Public Health position for community outreach coordinator approved by board

New position to take on role of implementing community health programs

The Board of Health approved the job description for the new Public Health position of community outreach coordinator during a meeting on Tuesday, March 19.

The position was created to fill a void that will be left once the paid position of director of Healthy Henry County Communities (HHCC) is terminated effective April 15. The position is being terminated after the county was informed by the state auditor that it is against the Iowa Constitution to pay the director of a nonprofit as a county employee.

The position of community outreach coordinator will be 37.5 hours, which is standard full-time for employees of Henry County. The community outreach coordinator will assess the needs for, plans for and coordinate the implementation of community health programs, services and activities based on the Board of Health’s priorities, according to the job description.

Kelly Carr, who is the current HHCC director, began being paid by the county when Public Health was shifted from the Henry County Health Center to a county department on July 1, 2018. The Board of Health signed a memorandum of understanding with HHCC, which enabled Carr to work part time as a Public Health employee and part time as director of HHCC.

Once the memorandum of understanding is terminated on April 15, HHCC is tentatively planning on splitting into a board of directors, who will maintain a nonprofit status, and an HHCC coalition, who will do the legwork at health-focused community events.

The job for community outreach coordinator will be posted for 10 business days at the courthouse and on the county’s website, per their policy. However, the Board of Health created the position with current HHCC director Kelly Carr in mind.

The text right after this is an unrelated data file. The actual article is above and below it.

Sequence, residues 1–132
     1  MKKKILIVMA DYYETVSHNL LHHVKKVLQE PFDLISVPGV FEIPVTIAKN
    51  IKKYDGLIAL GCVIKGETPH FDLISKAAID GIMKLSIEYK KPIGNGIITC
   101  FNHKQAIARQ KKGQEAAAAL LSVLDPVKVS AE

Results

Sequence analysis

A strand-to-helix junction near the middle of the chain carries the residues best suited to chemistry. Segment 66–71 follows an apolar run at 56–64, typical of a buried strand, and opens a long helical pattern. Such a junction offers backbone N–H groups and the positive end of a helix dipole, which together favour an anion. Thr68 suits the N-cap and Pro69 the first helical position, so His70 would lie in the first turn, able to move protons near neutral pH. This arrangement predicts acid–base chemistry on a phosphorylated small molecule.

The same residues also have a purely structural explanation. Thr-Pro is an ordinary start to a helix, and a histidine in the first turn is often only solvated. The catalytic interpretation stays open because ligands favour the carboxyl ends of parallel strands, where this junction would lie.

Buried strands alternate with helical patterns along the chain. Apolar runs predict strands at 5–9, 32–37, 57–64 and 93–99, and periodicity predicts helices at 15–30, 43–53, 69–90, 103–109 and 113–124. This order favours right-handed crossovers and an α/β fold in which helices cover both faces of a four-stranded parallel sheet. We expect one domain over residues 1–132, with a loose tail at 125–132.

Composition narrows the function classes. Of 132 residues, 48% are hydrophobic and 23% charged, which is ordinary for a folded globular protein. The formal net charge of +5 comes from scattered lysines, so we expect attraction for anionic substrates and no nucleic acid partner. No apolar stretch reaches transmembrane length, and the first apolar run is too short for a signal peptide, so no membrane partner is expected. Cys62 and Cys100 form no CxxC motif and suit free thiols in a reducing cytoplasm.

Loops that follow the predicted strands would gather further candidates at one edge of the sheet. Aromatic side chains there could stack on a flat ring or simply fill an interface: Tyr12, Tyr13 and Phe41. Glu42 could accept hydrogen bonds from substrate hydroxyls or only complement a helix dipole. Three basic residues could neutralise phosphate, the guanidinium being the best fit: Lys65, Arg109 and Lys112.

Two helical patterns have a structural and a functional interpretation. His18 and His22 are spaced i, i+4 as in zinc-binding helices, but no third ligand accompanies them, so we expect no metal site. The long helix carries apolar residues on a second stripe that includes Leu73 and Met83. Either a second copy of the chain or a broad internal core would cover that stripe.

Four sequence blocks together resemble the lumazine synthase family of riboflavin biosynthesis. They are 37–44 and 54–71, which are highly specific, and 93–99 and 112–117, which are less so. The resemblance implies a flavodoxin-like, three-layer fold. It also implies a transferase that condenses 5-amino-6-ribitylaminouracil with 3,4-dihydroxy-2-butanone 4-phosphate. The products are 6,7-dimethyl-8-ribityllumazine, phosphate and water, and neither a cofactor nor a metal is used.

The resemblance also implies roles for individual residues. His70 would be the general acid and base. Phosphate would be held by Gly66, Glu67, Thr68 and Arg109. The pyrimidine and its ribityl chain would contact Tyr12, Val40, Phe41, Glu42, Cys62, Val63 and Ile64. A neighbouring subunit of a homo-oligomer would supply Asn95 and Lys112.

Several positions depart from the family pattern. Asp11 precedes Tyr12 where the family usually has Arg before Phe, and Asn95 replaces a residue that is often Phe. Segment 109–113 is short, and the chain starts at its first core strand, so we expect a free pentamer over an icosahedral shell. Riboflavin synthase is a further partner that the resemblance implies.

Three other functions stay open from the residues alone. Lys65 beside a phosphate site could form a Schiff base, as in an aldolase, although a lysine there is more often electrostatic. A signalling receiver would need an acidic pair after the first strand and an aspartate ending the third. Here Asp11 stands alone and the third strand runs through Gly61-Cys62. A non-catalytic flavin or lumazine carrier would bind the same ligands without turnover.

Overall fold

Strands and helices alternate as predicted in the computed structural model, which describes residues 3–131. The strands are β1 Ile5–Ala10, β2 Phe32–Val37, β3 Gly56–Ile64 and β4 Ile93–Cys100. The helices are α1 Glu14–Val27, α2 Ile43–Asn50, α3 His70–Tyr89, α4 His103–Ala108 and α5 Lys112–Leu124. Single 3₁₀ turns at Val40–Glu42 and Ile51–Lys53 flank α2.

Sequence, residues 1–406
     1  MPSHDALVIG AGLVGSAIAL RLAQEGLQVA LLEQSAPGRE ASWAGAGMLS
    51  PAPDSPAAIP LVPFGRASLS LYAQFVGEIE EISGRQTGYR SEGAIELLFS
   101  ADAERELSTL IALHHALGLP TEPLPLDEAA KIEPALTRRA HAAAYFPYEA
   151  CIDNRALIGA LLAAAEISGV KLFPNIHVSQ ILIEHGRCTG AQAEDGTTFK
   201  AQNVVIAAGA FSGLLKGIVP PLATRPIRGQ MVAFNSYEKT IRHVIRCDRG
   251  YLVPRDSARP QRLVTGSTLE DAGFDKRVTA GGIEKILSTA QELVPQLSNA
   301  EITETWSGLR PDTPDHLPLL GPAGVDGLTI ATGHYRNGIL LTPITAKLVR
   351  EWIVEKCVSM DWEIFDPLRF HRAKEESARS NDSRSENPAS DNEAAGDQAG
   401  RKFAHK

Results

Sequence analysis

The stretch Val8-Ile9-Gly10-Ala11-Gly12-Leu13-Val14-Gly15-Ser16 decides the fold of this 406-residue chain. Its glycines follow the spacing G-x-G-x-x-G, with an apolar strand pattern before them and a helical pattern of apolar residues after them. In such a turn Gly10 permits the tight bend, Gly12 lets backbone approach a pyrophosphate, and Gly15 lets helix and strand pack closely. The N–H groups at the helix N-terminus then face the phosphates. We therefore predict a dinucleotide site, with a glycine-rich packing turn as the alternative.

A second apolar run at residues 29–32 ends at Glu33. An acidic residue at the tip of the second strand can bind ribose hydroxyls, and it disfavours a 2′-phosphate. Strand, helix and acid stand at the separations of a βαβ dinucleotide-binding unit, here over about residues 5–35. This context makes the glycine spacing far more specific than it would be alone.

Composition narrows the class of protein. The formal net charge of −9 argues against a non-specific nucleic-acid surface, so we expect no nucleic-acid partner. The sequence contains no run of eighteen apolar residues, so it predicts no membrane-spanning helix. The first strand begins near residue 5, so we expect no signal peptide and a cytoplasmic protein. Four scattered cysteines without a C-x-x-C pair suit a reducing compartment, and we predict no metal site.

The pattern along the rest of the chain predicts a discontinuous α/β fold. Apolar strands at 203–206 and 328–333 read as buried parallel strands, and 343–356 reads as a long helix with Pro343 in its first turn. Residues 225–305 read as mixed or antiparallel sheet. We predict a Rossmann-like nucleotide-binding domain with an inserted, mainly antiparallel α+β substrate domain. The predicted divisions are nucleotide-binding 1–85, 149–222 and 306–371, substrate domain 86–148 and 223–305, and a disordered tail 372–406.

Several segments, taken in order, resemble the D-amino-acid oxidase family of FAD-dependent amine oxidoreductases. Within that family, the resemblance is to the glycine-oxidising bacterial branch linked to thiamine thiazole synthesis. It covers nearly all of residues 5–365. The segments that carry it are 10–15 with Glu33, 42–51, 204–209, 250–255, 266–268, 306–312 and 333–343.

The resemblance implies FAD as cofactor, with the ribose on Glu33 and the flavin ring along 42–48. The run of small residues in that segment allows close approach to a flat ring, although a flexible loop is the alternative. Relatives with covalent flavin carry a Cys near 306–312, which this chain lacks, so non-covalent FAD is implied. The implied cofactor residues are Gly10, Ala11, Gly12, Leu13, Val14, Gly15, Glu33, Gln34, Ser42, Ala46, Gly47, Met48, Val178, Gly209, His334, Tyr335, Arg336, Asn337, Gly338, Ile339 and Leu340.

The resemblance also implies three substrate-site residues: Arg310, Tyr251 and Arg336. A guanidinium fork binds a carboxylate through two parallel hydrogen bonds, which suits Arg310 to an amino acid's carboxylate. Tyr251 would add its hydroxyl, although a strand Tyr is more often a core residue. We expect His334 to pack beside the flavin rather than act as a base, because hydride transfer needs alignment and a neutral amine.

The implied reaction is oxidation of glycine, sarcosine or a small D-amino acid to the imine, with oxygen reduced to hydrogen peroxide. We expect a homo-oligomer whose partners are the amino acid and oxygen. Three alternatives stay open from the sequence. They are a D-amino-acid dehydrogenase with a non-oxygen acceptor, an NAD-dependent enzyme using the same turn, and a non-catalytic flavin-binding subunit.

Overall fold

Once the 10 days are up, Public Health director Shelley Van Dorin will request that county supervisors approve the new position and hiring Carr, supervisor Greg Moeller said.

Moeller couldn’t say whether or not supervisors will approve the position and Carr for the position.

The position of community outreach coordinator has already been considered in Public Health’s fiscal year 2020 budget, Henry County auditor Shelly Barber said during a Board of Supervisors meeting on Tuesday, March 19.

Buzz Bezoni, chair of the Board of Health, said Carr has an “ability for grant writing.”

“That’s going to be very important coming up,” Bezoni said, adding that once HRSA — a three-year $1 million grant — runs out it will be “really paramount” for someone to continue grant writing for Public Health.

Several community members wrote to Public Health expressing their support for the position of community outreach coordinator and concern for the future of HHCC.

Jake Tanumihardjo, community coordinator at Great River Health System, wrote that he is in support of the creation of community outreach coordinator. Tanumihardjo said in his position, he coordinates activities to address the focus areas highlighted by Des Moines County’s community health needs assessment.

“Some of the work I have done in my community can be directly attributed to the collaboration and support I have received from Kelly Carr and Healthy Henry County Communities,” Tanumihardjo wrote. “Her insight on public health strategies and thoughtfulness in coordinating public health efforts have been invaluable to me in the work that I have done in my community.”

Angie Rhum, a Public Health employee, wrote that Carr is a “tremendous asset” to the department and the county.

“In my 20 plus years of public health experience, I have never seen a public health department that embraces wellness like Henry County,” Rhum wrote. “I can see the benefit of Kelly’s enthusiasm with the programs (Henry County Public Health) provides. It spills out into the community … It will be a tragic loss for the residents of Henry County if she is not a part of Henry County Public Health.”

Others wrote asking that HHCC continue to have a director.

Dave Helman, formerly on the HHCC board, said that HHCC is “cutting edge.”

“(It) takes us to the next level of initiative and necessary care for our citizens,” Helman wrote. “The tasks and structure of HHCC require talented, committed staff, compensated, executive leadership … Volunteers respond best to strong, clearly defined leaders who have the time and support to do the job right.”

The next Board of Health meeting is Tuesday, April 9, at Public Health.